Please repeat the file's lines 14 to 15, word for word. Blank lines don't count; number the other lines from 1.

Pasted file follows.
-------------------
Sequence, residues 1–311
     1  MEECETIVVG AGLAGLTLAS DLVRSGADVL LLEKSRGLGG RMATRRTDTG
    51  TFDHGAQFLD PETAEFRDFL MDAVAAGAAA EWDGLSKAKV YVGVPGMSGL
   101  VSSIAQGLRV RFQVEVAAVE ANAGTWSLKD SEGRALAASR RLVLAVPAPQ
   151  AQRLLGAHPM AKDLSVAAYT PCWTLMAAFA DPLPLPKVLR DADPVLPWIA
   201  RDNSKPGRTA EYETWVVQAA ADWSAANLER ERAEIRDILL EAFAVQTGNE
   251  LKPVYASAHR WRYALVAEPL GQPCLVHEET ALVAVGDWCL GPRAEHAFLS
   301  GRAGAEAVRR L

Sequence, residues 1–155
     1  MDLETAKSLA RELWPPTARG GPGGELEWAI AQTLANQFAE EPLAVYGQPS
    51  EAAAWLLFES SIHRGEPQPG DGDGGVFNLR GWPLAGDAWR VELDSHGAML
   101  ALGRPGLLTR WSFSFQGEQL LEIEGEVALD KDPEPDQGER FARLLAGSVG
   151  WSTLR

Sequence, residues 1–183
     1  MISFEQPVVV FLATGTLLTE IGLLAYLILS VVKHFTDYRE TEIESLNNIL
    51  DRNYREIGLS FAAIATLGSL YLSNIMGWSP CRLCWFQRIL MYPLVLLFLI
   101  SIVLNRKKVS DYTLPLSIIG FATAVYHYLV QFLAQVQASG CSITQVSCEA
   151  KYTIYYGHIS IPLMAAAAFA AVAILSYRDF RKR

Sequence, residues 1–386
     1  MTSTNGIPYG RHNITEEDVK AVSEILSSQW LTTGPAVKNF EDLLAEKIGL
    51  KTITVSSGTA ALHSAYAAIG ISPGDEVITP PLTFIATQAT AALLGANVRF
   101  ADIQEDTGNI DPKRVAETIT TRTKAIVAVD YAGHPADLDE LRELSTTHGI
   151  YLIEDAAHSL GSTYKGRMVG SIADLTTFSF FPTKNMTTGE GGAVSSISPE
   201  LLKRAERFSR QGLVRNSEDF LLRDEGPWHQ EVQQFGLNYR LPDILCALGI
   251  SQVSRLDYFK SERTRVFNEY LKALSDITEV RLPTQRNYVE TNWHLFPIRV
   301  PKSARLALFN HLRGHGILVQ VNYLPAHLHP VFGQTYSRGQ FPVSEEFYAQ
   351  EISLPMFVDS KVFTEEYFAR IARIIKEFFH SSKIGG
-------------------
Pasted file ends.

Sequence, residues 1–183
     1  MISFEQPVVV FLATGTLLTE IGLLAYLILS VVKHFTDYRE TEIESLNNIL